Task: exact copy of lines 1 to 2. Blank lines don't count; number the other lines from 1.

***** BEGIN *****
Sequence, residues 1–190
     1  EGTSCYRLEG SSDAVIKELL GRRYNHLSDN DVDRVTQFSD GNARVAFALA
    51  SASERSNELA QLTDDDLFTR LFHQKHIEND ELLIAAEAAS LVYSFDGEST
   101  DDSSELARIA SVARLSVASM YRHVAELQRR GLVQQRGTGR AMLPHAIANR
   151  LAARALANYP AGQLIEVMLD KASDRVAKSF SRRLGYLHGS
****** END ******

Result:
Sequence, residues 1–190
     1  EGTSCYRLEG SSDAVIKELL GRRYNHLSDN DVDRVTQFSD GNARVAFALA